Pleasantville, NJ council revokes strip club license after underage death
Centerfolds Cabaret of Pleasantville was essentially put out of business Wednesday night as the city council voted unanimously to revoke its mercantile license.
The vote took place a month to the day that Irving Mayren-Guzman, 19, was served alcohol at the club and found dead two days later in a marshy area outside.
Before the hearing started, Acting Municipal Solicitor Jenna Cook told the Council and the audience, which was filled with members of his family and friends who have been calling for the club to be closed, that the hearing was not about Mayren-Guzman's death.
"The focus of this hearing is the facts and evidence, which forms a legal basis that gives the city the authority to revoke the mercantile license of Centerfolds," Cook said.
Police have responded to numerous complaints that involved "substantial number of police calls during the past several years" involving assaults, robberies and fights, according to the notice about the hearing.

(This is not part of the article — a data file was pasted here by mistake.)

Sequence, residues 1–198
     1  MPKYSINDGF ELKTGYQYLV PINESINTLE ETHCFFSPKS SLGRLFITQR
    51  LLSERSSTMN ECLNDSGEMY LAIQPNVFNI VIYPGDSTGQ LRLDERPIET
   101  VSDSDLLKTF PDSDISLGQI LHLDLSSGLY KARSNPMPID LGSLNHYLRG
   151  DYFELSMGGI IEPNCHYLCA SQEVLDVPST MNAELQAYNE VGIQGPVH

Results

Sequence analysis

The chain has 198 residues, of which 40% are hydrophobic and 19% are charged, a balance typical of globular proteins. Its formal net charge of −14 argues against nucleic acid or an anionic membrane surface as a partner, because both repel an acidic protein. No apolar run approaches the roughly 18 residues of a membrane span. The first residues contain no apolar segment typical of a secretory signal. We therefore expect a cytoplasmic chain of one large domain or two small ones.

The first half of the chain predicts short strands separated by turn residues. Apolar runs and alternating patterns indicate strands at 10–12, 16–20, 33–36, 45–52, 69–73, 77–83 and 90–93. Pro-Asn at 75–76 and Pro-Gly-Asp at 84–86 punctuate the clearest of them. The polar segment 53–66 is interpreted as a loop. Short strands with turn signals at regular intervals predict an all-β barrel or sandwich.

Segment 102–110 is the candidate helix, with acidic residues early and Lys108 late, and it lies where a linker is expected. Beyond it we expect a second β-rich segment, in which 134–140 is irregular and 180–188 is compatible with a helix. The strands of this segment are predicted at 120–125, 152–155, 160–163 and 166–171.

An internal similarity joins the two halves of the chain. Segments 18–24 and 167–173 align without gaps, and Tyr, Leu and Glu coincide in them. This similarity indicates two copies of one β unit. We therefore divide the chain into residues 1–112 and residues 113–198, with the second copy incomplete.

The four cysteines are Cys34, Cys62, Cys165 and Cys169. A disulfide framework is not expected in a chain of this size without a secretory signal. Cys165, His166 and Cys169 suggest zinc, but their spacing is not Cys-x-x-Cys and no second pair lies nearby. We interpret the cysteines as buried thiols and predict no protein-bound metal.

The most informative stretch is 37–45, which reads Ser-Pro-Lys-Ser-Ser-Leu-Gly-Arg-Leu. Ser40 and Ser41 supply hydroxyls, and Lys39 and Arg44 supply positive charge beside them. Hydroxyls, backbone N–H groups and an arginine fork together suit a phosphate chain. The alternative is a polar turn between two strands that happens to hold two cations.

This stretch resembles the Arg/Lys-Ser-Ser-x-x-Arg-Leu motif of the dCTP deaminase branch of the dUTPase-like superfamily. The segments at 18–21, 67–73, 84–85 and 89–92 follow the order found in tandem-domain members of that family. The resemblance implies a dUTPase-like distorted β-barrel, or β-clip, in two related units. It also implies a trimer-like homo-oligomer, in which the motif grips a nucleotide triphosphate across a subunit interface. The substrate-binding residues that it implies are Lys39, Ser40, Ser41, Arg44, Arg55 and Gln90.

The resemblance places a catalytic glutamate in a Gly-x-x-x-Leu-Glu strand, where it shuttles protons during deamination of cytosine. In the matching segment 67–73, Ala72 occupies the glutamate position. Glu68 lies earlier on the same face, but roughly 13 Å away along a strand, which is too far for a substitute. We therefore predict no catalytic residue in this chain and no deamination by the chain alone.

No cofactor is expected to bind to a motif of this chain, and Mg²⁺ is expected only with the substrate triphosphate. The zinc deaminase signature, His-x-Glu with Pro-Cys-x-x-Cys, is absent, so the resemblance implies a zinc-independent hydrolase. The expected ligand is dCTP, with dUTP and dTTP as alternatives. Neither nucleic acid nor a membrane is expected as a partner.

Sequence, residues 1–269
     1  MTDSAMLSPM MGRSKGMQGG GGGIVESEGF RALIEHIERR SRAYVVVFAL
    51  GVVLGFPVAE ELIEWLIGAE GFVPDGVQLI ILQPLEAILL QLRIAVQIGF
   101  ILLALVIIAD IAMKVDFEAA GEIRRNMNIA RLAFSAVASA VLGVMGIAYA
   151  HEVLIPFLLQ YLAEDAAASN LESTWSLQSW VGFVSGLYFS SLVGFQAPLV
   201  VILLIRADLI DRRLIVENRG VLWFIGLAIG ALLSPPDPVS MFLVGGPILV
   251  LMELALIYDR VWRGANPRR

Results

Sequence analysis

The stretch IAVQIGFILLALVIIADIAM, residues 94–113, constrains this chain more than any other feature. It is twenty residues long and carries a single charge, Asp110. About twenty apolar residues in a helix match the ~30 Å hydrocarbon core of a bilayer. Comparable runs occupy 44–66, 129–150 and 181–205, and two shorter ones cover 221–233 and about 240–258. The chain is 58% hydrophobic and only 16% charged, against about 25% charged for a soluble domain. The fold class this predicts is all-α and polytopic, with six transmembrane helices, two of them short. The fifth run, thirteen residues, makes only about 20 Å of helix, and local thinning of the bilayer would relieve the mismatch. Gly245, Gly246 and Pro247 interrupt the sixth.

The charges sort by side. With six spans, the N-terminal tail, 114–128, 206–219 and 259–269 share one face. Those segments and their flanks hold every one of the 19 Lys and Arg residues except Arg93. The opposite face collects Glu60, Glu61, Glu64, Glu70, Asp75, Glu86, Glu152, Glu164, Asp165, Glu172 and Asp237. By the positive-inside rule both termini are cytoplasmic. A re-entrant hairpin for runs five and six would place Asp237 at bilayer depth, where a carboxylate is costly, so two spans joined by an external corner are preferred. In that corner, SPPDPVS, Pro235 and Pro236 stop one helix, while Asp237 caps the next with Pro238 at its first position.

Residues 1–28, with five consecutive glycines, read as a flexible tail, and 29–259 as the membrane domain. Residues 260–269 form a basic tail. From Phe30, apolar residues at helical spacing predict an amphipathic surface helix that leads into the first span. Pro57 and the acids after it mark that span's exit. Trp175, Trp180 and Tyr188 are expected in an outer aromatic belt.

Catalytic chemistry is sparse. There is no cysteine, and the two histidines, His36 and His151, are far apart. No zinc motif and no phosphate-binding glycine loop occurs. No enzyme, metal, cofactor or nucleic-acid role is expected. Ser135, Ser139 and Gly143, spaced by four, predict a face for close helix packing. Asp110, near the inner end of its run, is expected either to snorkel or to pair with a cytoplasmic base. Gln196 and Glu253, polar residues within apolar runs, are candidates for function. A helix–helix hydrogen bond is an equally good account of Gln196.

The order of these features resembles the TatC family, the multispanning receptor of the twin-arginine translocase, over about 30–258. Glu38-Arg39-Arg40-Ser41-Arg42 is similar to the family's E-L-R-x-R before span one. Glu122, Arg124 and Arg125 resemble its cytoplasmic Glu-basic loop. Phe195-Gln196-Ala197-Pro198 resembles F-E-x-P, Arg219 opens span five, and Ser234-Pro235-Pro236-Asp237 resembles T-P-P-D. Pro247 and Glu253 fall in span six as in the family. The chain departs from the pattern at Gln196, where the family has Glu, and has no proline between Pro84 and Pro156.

Pleasantville police have not disclosed a cause of death as their investigation is ongoing. Nobody has been charged with killing Mayren-Guzman.
Police charged three patrons of the club that night. Jamaul Timberlake, 30, of Atlantic City, John Hands, 24, and Garnell Hands, 29, both of Pleasantville, were charged with second-degree aggravated assault and conspiracy.
Centerfolds comments for the first time
The hearing took on the tone of a trial as Cook asked questions of Mayren-Guzman's friend who was at the club on Jan. 23. As video was shown of the group entering the club and their ID being checked, sobs could be heard coming from the audience.
The friend said he, Mayren-Guzman and his brother each took three shots of alcohol.
Cook said that management of the club admitted that Mayren-Guzman was served alcohol at the club. Because he is underage, he should have not been admitted in the first place.
The Guzman family heard directly from the owners of Centerfold for the first time, according to G. Bruce Ward, the club's attorney. He said the club had refrained from commenting because of misinformation on social media about what happened the night Mayren-Guzman went to the club.
"I want to express from me to you the sorrow and the grief the owner and employees of Centerfolds have. No one wanted this. And I'm going to express my sorrow because I have three sons and one grandson and I can't imagine the pain and suffering," Ward said.
A crowd outside the municipal building cheered after the vote, according to CBS Philly.
“It’s such a stressful and overwhelming feeling ... This doesn’t bring us back our brother but this puts us on the right path,” Mayren-Guzman's brother Eduardo Alvarez told CBS Philly.